6. Can they devour the big bowl?
7. Do boys generally have excellent appetite?
II. Read the following sentence taken from the story.
“You were brought up by the parish, weren’t you?”
In this sentence ‘weren’t you?’ at the end is called a question tag. Question tags are used to get information or confirmation. The question tags are positive if the statements are negative. And if the statements are positive, questions tags are negative. These tags are short/contracted form of questions. If the statement has an auxiliary, the tag begins with an auxiliary. In case it does not have an auxiliary, it will begin with do/does/did.
Read the following dialogue to understand the usage of question tags.
Ramu: The weather is good today, isn’t it?
Vijay: Indeed, Ramu.
Ramu: How about going out now? Hope you’ll join me, won’t you?
Vijay: I’ve got some important work now, I am afraid.
Read the following dialogue that took place at a party. Add suitable question tags to complete it.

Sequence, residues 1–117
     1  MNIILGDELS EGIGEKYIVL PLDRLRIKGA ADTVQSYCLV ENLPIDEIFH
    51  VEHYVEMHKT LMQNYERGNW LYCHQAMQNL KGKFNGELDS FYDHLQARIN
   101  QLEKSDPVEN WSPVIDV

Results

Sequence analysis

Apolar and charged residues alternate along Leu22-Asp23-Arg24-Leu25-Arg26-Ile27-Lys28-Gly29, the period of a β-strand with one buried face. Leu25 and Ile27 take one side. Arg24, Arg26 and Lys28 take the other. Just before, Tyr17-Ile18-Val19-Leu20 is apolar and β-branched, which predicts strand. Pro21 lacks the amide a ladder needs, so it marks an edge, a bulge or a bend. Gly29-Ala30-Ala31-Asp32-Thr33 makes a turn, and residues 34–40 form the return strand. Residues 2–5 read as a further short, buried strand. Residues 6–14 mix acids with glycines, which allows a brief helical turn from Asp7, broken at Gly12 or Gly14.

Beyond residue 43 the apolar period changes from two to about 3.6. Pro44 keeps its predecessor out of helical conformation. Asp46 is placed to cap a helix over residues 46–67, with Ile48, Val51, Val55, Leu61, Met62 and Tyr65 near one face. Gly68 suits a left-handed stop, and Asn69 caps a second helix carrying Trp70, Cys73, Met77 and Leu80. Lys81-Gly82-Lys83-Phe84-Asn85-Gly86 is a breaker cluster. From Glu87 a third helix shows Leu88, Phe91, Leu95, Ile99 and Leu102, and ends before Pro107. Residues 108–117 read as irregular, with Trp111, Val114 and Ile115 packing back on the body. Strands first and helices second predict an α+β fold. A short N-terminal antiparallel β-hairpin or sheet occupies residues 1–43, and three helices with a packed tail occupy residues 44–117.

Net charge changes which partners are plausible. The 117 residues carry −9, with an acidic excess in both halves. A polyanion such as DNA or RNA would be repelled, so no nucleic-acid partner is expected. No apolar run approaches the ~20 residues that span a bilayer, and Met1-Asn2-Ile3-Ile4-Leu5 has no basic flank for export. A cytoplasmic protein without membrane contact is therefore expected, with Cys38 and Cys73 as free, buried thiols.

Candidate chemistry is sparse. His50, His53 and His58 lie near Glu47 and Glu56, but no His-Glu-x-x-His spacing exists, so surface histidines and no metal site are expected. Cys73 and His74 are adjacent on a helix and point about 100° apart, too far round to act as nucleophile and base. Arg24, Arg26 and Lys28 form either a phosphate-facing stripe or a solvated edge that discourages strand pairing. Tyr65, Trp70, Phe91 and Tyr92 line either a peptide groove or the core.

Rohit: Hi, I’ve met you before, —-(1)—-
Suma: No, I don’t think so.
Rohit: But your name is Vani, —-(2)—-
Suma: No, it’s Suma! Anyway, glad to meet you.
Rohit: Me too. This is Rohit. The party seems to be really lively, —-(3)—-
Suma: Yes, definitely. We enjoy ourselves a lot on such occasions, —-(4)—-
Rohit: Yeah, we do.
1) haven’t I?
2) isn’t it?
3) doesn’t it?
4) don’t we?
I. Anne Frank was a Uttle girl of thirteen. She was as lonely as Oliver Twist. When the German army invaded her country, she had to hide in a small building with her family. She suffered a lot. She recorded her feelings and thoughts in her diary.
Friday, 1st October, 1942.
Just for fun, I am going to tell you each person’s first wish, when we are allowed to go out again. Mrs. Van says, ‘If I go out, I’ll eat cream cakes.’ Dussel says, ‘If I am let free, I’ll run to see my wife Lotje.’ Mummy says, ‘I will have a cup of coffee.’ Peter says, ‘I will go to the cinema.’ I long for so many things. But I long for a home of our own.
1. What did Anne write in her diary?
- personal feelings/thoughts/reflections
- events other than routine
- future plans
2. Did you notice any variety in the sentences?
3. Are all the sentences connected with each other properly?
After facing the live board, Oliver returned to his bed crying. He sat up to write his diary. Now, imagine you are Oliver Twist. Attempt a diary entry with the above